China says no to pressure on Burma

Jan 23, 2008 (AP), China on Tuesday rejected US demands for stepped-up pressure on Burma, whose governing junta has been accused of spurning real dialogue with the pro-democracy opposition.

Foreign Ministry spokeswoman Jiang Yu said China wanted to see stability, democracy and development in the country.

However, Jiang urged the international community to be "objective when viewing the Myanmar situation … and provide constructive assistance."

China objects to Western criticisms of the military regime, claiming that conditions in Burma have improved dramatically since a violent crackdown on peaceful protests in September.

"I don’t think sanctions are helpful," Jiang told reporters at a regularly scheduled news conference.

Burma’s military rulers say 10 people were killed when civilians and Buddhist monks were beaten and arrested after pro-democracy demonstrations following a sharp fuel price hike. Diplomats and dissidents put the toll much higher.

Jiang’s comments come a day after a senior US official urged the international community to put more pressure on the junta, and said Washington had asked China to help arrange for a new visit to Burma by UN Security Council envoy Ibrahim Gambari to help push for national reconciliation.

They also follow a meeting in Beijing between senior Chinese foreign policy adviser Tang Jiaxuan and Burmese Deputy Foreign Minister U Maung Myint.

China’s official Xinhua News Agency said U Maung Myint told Tang that Burma was "making efforts to realize national reconciliation and accelerate democratic progress."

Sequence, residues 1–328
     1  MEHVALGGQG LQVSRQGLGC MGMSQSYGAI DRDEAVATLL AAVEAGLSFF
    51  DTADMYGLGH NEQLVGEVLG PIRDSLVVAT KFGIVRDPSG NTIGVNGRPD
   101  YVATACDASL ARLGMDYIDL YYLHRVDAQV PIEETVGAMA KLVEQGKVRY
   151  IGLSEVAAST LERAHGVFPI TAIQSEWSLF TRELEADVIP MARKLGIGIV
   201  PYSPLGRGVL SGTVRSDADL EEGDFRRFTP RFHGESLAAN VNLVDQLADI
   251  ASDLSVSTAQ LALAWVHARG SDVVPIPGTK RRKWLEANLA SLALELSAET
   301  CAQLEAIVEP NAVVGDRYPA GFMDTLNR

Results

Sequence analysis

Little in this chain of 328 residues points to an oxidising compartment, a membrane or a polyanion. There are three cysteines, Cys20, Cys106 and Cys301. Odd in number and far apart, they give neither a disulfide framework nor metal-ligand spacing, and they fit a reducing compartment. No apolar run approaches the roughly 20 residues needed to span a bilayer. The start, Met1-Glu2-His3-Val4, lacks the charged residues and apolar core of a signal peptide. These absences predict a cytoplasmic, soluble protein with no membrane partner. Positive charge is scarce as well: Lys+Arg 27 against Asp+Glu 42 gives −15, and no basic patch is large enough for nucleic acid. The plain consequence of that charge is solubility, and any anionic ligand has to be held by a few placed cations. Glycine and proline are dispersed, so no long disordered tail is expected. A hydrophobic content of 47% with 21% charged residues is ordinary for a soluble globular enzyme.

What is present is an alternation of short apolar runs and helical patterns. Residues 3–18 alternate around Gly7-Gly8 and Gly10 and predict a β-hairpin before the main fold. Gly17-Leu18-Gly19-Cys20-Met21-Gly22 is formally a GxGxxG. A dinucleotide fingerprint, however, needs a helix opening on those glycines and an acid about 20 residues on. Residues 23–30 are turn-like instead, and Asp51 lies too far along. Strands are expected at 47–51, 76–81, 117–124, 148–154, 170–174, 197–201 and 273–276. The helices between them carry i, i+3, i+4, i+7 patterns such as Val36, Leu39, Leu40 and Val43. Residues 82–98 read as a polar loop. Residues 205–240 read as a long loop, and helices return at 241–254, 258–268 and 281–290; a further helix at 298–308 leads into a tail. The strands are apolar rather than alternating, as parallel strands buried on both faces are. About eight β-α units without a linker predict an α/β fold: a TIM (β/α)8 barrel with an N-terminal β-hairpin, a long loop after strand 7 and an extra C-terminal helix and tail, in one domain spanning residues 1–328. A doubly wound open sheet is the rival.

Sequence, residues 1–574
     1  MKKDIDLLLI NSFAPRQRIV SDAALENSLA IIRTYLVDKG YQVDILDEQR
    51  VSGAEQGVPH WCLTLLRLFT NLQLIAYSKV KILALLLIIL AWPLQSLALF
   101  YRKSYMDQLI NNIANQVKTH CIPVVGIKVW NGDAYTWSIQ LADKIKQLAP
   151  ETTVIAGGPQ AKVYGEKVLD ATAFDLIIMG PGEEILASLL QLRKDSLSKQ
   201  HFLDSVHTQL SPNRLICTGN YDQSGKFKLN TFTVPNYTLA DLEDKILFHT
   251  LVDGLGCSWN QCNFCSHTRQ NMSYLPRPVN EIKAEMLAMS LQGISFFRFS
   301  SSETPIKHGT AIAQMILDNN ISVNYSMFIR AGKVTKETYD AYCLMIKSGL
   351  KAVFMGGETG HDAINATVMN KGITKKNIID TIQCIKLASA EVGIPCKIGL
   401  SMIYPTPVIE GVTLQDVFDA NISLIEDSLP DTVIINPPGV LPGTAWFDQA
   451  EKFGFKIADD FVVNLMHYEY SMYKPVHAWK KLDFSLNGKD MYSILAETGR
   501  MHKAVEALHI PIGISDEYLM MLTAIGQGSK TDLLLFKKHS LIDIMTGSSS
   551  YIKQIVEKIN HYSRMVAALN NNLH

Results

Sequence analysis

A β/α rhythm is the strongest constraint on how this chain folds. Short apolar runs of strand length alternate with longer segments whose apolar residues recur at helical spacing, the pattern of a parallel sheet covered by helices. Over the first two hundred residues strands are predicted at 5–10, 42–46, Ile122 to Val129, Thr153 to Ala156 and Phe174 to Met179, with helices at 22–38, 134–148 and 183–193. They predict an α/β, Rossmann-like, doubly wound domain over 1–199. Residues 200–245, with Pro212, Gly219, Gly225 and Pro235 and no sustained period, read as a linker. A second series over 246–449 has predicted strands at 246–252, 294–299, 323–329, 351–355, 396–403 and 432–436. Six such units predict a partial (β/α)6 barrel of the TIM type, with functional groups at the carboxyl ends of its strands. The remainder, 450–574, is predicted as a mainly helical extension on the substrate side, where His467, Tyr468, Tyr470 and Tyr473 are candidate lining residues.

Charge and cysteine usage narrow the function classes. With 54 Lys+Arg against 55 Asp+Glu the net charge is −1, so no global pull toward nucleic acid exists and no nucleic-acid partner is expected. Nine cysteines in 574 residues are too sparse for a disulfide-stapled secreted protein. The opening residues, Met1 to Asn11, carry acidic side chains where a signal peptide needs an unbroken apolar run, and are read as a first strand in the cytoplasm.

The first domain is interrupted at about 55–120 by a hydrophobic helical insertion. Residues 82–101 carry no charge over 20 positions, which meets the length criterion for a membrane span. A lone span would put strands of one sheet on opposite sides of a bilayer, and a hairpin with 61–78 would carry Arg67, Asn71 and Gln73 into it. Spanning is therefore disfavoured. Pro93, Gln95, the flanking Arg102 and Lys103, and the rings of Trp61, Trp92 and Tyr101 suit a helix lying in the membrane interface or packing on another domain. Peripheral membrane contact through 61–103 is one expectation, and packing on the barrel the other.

Jiang said China supported Gambari’s work and wanted a timetable set for his next visit to Burma. Gambari had wanted to visit later this month, but received a letter from Burma’s government requesting that he come in April.

China is one of Burma’s biggest trading partners and closest diplomatic allies. Other nations have repeatedly expressed hopes Beijing would leverage those ties to press the junta to open a dialogue with the opposition.

Beijing has shown little willingness to do so, although in October, China joined other Security Council members in calling on the regime to release political prisoners and improve human rights.

Washington has placed economic sanctions on Burma that include a complete ban on the import of the country’s products and the freezing of some junta officials’ financial assets in US territories.

China, however, has moved to step up economic links, including development of natural gas deposits in the Bay of Bengal.

Last month, China National Petroleum Corp., the country’s biggest oil and gas producer, took a further step toward building a pipeline to transport oil from Burma’s western port of Sittwe to the southwestern Chinese province of Yunnan.

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